Whether you are an employee or employer, your ability to navigate workplace change will determine your value or survival in the workplace.
At the wise age of 25, David Bowie, songwriter and musician, wrote a timeless song about change.
He sings wistfully, “turn and face the strange ch ch changes.” The lyrics acknowledge the artist’s yearning to adapt to fast changes in the world.
And this sentiment is not just for artists. Each of us will benefit by looking into the eyeballs of persistent progress.
Like facing fear, facing change is a decision. One that is fraught with indecision.
Although I have embraced change frequently in my life, I recognize how the emotions of anxiety, fear, and pain make adapting to or accepting change difficult.
I can still recall what it felt like to be stuck in a job where my vindictive boss actively worked against my progress. It took me time to make the leap forward, a decision where I voted with my feet by leaving the company, rather than put up with negativity and overwhelm.
Your head may say flourish with the change, while the heart may cloud your better judgement. When faced with difficult times, it is sometimes easier to run in the opposite direction of taking action.
For example, resistance holds me back in areas like learning a new technology platform. My latest challenge is how and when to integrate the latest technology for launching a podcast or webinar.
Experts have studied individual and organizational change, summarized by a familiar curve, discovering that humans process change in a predictable pattern. The common element in these models includes a drop in the curve, accompanied by feelings of despair, depression, and disillusionment.
The following three change curves will give you the tools to succeed in multiple aspects of your life and workplace change.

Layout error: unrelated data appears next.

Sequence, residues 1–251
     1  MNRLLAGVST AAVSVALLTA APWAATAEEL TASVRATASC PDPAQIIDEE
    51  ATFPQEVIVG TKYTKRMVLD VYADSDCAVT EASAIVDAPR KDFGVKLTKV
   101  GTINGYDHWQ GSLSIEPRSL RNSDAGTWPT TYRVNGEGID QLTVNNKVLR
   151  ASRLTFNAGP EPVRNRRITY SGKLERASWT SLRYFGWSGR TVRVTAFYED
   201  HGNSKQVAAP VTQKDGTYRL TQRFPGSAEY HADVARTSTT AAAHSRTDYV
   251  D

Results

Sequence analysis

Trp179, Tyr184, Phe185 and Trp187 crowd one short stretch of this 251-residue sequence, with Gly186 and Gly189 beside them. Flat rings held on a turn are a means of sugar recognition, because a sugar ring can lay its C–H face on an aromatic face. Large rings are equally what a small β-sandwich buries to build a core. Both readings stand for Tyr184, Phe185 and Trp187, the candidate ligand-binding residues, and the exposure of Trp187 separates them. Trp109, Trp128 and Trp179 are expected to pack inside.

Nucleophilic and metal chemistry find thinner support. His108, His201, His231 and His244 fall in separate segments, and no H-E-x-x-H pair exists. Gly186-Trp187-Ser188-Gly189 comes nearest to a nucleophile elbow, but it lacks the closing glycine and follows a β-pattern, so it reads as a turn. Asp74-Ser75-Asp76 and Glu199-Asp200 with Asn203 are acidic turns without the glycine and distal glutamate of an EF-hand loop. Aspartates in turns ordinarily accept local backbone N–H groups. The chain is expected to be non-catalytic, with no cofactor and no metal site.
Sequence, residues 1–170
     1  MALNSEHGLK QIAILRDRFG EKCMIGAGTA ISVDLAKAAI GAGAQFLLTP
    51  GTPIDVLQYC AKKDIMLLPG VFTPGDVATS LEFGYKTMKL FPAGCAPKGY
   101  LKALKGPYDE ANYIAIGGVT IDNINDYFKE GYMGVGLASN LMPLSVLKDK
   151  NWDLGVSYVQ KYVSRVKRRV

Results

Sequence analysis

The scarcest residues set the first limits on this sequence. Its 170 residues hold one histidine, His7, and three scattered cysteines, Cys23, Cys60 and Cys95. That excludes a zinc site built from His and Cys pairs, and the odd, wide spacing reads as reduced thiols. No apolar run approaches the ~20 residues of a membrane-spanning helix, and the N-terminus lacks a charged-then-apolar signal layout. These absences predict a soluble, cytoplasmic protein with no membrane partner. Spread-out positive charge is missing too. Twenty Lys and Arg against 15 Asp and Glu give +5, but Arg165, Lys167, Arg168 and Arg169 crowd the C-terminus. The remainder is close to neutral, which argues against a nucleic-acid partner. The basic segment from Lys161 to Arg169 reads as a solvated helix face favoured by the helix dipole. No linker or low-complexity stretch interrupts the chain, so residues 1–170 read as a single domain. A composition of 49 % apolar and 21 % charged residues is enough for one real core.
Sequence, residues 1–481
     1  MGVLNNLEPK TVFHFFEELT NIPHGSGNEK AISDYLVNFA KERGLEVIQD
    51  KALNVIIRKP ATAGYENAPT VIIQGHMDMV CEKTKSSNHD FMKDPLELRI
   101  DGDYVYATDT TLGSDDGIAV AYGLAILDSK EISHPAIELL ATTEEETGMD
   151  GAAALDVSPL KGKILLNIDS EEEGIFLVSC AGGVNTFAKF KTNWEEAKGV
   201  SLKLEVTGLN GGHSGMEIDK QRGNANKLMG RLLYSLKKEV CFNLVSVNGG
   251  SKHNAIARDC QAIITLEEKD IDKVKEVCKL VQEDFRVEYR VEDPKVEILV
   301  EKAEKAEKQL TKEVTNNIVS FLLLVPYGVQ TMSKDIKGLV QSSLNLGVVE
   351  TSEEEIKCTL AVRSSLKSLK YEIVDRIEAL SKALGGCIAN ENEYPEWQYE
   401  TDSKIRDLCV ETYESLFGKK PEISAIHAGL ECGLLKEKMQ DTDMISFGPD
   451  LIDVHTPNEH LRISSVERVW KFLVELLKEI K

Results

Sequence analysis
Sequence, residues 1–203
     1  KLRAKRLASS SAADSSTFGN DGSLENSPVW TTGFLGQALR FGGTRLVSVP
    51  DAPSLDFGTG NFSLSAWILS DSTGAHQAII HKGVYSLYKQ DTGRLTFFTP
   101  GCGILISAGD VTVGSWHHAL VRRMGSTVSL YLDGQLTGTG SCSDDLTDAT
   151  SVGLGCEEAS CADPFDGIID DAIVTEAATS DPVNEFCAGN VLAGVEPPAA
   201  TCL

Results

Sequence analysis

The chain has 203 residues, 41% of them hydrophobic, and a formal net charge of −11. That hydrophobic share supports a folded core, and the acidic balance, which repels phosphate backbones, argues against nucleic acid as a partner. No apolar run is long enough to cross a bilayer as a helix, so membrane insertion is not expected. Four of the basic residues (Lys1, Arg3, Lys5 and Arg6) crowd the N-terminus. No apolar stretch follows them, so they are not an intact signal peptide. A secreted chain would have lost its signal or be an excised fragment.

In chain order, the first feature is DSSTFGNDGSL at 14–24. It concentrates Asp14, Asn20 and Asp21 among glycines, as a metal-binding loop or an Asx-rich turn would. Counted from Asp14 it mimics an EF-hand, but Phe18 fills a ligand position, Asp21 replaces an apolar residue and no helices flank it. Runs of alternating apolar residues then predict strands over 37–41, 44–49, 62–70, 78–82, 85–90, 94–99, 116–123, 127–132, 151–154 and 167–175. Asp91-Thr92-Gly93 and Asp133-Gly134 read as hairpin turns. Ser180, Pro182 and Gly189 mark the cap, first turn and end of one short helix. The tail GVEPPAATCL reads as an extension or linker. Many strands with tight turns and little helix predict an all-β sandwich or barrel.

When I went through a divorce many years ago I became an accidental expert at change during the grieving process. Noted psychiatrist Elisabeth Kubler Ross created a helpful model to support individuals through grief and loss.
The main stages of the process are denial, anger, bargaining, depression, and acceptance. This model gave me great hope during times of quiet desperation when I longed for life to get back to normal.
The idea that I could get beyond my low points gave me hope, courage, and the energy to visualize a future. The depth of the downward curve cleared the way for an upward swing, rather than a demoralizing permanent crash.
The Change Curve, influenced by Kübler Ross’s grieving process, includes the following stages: shock/denial, frustration, depression (in the valley of despair), experiment (with new way), acceptance, and integration.
The slide into sadness or depression is a powerful and important part of the journey because it enables a sensible transition on the path to personal transformation.
So let’s talk about the inevitable drop in change curve models.
Why is descent into a valley of despair part of the progression through change?
The answer is simple. From an employee or employer perspective, you simply don’t have the knowledge, training, and tools to move forward. You must make the effort to gather the resources and make a plan for migrating to the next stage.
The valley of despair gives you level terrain to figure out your next steps through exploration and persistence efforts. You will also develop the personal muscle necessary to ascend the curve of workplace change.
Seth Godin’s model for starting something new is complementary to the change curve. A special thanks to Heidi Thorne for pointing out the similarities in the shape of the curve.
Starting something new requires pushing through hard times (just like grief and change). When mastering an unfamiliar skill or launching a new business, Seth suggests the path through tough times will result in a dip. This happens somewhere between starting and the top of the curve, where mastery is achieved.
He refers to the downturn as the long slog. Without a slog, mastery does not exist.
The Dip model focuses on mastery and success rather than pushing through workplace change. Yet, transformation is at the heart of scaling the upturn for all three models.
The workplace can be a challenging environment in the best of circumstances. Knowing you have the tools to navigate change is the first step in taming the beast of uncertainty.
If you are interested in the future of work, career development, the workplace, personal branding, workforce trends/ideas, agility, or how to cultivate happy profitable employees, subscribe to Marti’s 52 Ideas. For more details on career agility, check it out here.
You can also check out the best-selling book on Amazon, Activate Your Agile Career: How Responding to Change Will Inspire Your Life’s Work.